If this is your first time reading, please check out the overview for Poor Ash’s Almanack, a free, vertically-integrated resource including a latticework of mental models, reviews/notes/analysis on books, guided learning journeys, and more.
Mindfulness / Cognitive Behavioral Therapy (CBT) / Positive Psychology Mental Model: Executive Summary
If you only have three minutes, this introductory section will get you up to speed on the mindfulness / cognitive behavioral therapy (CBT) / positive psychology mental model.
The concept in one quote:If you own this story, you get to write the ending. - Brene Brown Click To Tweet
The concept in one sentence: our automatic thoughts and feelings meaningfully impact our decisions, without our permission and often for the worse – whether we’re fighter pilots, investors, or parents.
Key takeaways/applications: becoming aware of our automatic thoughts and behaviors is important regardless of whether we think we’re very emotional or not. For those who are highly emotional, or struggle with depression/anxiety, it’s obviously a critical quality-of-life issue. For those who don’t struggle with emotions, it’s potentially even more dangerous – because you may never recognize the need to manage them until you’re in a critical, maybe even life-or-death situation where it’s too late to figure out how to do so.
Three brief examples of mindfulness / cognitive behavioral therapy / positive psychology:
It’s multicausal, of course, but Benioff is fond of quoting Sun Tzu’s “The Art of War” – and in a brief digression early in the his autobiography, “ Behind the Cloud” ( BtC review + notes), he encourages readers to practice some of the core tenets of mindfulness:
Observe your feelings. Do not become your feelings. Be aware of your reactions.
Do I really want a cup of tea, or am I just bored? Charles Duhigg’s “ The Power of Habit” ( PoH review + notes) explores the powerful pull of habits, for both good and bad. We talk about habit in this model. But, as Duhigg mentions, the first step toward replacing a bad habit with a good one is awareness of your own thoughts and behavior – or mindfulness.
This applies to thought processes as well as behaviors. My mom used to make 3-4 cups of tea per day, reheating them endlessly because she didn’t really want to drink them – making tea was just a thing to do, a comforting ritual. Realizing this, she modified the habit and now makes fewer cups.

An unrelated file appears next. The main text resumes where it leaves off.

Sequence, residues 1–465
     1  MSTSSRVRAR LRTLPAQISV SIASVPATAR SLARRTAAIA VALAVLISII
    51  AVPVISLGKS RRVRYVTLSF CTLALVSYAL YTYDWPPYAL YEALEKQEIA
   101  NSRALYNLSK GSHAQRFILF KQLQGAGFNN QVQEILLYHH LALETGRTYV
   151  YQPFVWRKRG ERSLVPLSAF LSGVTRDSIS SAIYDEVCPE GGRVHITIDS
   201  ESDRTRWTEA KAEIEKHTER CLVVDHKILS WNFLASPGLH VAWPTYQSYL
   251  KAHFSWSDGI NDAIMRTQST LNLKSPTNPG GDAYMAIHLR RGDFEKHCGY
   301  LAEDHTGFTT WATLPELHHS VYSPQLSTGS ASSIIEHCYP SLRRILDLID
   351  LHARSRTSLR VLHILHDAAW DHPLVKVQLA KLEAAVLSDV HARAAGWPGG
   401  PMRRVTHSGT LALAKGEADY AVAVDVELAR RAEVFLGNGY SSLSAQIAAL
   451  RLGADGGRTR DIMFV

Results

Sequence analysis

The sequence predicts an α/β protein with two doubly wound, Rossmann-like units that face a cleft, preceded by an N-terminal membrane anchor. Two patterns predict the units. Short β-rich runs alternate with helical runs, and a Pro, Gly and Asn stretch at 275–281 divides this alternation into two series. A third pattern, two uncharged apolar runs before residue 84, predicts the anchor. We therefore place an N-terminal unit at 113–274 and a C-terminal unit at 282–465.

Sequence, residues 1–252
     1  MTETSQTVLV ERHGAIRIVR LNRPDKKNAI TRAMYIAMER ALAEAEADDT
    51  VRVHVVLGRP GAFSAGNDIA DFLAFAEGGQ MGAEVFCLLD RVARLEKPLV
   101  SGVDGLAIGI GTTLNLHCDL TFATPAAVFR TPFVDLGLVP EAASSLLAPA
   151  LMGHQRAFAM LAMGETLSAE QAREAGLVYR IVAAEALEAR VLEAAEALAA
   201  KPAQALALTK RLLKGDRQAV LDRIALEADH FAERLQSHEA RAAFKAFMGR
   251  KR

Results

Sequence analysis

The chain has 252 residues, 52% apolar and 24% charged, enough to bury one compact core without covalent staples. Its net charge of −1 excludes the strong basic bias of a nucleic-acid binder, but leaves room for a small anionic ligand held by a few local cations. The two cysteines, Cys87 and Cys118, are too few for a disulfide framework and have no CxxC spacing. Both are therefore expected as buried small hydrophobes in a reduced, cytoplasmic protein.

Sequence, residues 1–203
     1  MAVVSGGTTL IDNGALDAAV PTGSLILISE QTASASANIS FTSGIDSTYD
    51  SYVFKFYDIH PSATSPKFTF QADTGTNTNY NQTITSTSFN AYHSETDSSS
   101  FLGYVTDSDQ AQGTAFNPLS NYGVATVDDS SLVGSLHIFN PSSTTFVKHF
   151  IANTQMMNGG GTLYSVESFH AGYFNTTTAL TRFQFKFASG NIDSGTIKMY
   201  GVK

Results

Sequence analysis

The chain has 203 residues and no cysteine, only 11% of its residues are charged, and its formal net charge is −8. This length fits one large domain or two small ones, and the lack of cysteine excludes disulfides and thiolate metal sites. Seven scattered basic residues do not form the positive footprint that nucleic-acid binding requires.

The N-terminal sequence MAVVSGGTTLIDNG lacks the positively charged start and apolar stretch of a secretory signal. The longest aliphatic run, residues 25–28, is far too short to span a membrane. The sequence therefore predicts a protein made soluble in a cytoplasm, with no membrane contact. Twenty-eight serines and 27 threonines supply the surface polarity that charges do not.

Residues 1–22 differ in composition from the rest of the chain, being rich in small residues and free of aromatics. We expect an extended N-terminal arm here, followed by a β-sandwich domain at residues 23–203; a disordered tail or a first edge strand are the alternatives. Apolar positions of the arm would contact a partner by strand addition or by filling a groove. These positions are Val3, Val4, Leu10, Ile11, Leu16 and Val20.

The same applies for building approaches like probabilistic thinking or avoiding hyperbolic discounting – half the battle is simply becoming aware of what you’re doing wrong cognitively, and nudging yourself in the right direction.
How do you think you’re thinking? Many people focus on the endless practice – the “10,000 hours” or whatever – that elite chess players put in. Equally important – and explored by books like Josh Waitzkin’s ‘The Art of Learning” – is their focus on mindfulness. As Nate Silver mentions in “ The Signal and the Noise” ( SigN review + notes):
“Elite chess players tend to be good at metacognition – thinking about the way they think – and correcting themselves if they don’t seem to be striking the right balance.”
Silver notes the same premise applies to other fields of endeavor, like playing poker – he recounts his own time as an online poker player, discussing the dangers of playing “on tilt” (when emotions are screwing with cognition.)
If this sounds interesting/applicable in your life, keep reading for unexpected applications and a deeper understanding of how this interacts with other mental models in the latticework.
However, if this doesn’t sound like something you need to learn right now, no worries! There’s plenty of other content on Poor Ash’s Almanack that might suit your needs. Instead, consider checking out our learning journeys, our discussion of the activation energy, feedback, or sunk costs mental models, or our reviews of great books like “ Deep Work” ( DpWk review + notes), “ Polio: An American Story” ( PaaS review + notes), or “ The Great A&P” ( GAP review + notes).